This new gaming monitors embraces the brand new QD-OLED (Quantum Dot OLED) technology from Samsung, which is just now coming to televisions this year. That fact alone left me impressed. But seeing it in person? That was its own marvelous experience.
|Alienware 34 QD-OLED|
|Resolution||3440 x 1440 (110 pixels per inch)|
|Screen size||34.18 inches|
|Refresh rate||175Hz (with DisplayPort)
100Hz (with HDMI)
|Brightness||250 cd/m2 (typical); 1,000 cd/m2 (peak)|
|Color gamut||99.3% DCI-P3 / 149% sRGB|
|Color accuracy||Delta E<2|
|HDR||DisplayHDR 400 True Black|
|Response Time||True 0.1ms gray-to-gray|
|Adaptive Sync||G-Sync Ultimate|
Quantum Dot technology, or QLED, has long been used by Samsung to compete against the rising popularity of OLED, especially in the LG television space. In the world of monitors and laptops, OLED and mini-LED are finally starting to gain a foothold — in some cases, even in products that aren’t exclusively high-end.
Hence, Samsung’s QD-OLED, a hybrid technology that supposedly combines the best of both worlds.
The Alienware 34 QD-OLED is a good example. In some ways, it’s a follow-up to Alienware’s last major experiment in panel technology, the Alienware OLED 55 Gaming Monitor. It wasn’t ultra-wide, nor was it curved — instead, hoping to sit on an entertainment system rather than a desk. Add in a price tag of $4,000, and you have yourself an extremely niche product.
That’s where the Alienware 34 QD-OLED attempts to do something entirely different. QD-OLED means you get the true blacks and infinite contrast of individually-lit pixels but enhanced through a Quantum Dot pixel layer.
The promise? The glory of OLED in a more familiar form factor at a more affordable price. And yes, even better image quality. I can’t validate that myself, but in my time checking it out, it certainly looked as vibrant as OLED to my naked eye.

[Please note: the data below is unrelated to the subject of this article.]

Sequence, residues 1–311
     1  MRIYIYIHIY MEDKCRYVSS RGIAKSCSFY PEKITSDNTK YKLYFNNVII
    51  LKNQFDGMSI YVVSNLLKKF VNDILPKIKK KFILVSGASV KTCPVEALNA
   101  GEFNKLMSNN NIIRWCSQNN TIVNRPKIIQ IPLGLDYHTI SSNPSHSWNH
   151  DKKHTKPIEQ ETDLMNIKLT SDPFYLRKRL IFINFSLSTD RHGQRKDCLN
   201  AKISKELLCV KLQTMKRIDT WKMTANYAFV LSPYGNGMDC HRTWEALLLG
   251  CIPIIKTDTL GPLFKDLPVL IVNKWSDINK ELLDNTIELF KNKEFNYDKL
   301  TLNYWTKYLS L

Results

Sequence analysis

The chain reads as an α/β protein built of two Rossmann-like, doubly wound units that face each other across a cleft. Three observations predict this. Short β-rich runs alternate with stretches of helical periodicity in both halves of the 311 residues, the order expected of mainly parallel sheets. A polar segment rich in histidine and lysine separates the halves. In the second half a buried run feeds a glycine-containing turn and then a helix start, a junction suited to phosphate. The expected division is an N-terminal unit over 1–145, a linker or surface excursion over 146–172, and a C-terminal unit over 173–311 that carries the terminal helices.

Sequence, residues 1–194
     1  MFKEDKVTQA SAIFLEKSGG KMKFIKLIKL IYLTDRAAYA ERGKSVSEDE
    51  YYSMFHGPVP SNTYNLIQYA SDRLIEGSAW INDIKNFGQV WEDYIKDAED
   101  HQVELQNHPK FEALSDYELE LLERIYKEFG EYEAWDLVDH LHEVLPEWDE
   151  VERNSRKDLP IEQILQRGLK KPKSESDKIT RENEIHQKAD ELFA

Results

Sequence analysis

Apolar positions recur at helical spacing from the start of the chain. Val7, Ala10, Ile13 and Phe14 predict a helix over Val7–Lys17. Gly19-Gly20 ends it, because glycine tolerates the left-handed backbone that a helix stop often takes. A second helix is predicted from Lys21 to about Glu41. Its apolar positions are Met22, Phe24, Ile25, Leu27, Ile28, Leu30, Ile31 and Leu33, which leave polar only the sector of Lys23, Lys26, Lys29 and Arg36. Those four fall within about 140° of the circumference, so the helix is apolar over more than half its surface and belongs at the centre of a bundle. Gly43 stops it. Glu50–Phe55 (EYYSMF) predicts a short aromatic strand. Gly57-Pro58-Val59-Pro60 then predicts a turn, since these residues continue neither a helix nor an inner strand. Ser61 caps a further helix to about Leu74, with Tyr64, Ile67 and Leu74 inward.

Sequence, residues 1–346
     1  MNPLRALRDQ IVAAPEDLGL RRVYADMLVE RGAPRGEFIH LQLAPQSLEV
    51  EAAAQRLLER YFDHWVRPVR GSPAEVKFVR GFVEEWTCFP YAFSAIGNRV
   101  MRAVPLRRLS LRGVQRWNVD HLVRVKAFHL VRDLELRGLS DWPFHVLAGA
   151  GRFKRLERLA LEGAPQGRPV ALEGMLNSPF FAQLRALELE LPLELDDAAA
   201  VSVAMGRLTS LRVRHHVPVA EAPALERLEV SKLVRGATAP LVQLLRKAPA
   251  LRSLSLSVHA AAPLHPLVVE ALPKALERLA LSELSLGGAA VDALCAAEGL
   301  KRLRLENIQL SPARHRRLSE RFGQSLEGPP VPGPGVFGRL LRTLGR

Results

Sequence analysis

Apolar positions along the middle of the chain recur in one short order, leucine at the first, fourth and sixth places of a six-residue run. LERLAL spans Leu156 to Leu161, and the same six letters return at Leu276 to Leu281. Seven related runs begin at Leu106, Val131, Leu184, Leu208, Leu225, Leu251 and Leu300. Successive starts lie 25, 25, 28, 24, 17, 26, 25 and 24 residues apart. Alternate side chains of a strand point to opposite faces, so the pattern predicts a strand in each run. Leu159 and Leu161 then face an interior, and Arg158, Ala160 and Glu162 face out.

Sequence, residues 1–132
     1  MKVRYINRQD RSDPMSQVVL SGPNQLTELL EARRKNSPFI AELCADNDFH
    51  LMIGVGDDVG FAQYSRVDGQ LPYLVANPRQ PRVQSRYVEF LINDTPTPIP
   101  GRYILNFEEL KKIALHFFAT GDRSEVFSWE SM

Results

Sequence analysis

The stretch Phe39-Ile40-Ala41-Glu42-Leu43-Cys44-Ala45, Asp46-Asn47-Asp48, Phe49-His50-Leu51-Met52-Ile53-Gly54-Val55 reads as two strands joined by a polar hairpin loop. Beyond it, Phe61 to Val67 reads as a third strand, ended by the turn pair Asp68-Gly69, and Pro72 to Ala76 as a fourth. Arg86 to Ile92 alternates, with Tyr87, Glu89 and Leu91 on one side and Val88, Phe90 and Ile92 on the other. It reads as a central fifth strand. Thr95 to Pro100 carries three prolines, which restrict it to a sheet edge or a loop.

Dell says the Quantum Dot pixel layer also “results in higher color uniformity, wider color coverage, and increased brightness.” More specifically, the Alienware 34 QD-OLED claims to hit 1,000 nits of peak brightness, but just 250 nits of typical brightness.
The monitor is certified DisplayHDR 400 True Black, and beyond gamers, Alienware is also orienting the display toward content creators and game developers. Using a 5-axis joystick, you can choose the Creator Mode, for example, which allows you to choose between color spaces and adjust gamma settings.
As for the design of the back of the monitor, it’s similar to previous Alienware monitors, such as the Alienware 38 Curved Monitor (AW3821DW), but with some tweaks. The ring of light has been moved from the stand to the back of the cabinet, as well as a splash of more black rather than just solid white.
The Alienware 34 QD-OLED offers a stand that can adjust the tilt, swivel, slant, and height up to 110mm.
On the back, the Alienware 34 QD-OLED includes two HDMI 2.0 and a DisplayPort 1.4 for video input. The monitor also includes a number of USB downstream ports as well.
If you’re still worried about burn-in, Dell offers a 3-year warranty that includes coverage of OLED burn-in for what Dell calls “peace of mind.”
Dell did not offer info on pricing or availability yet.
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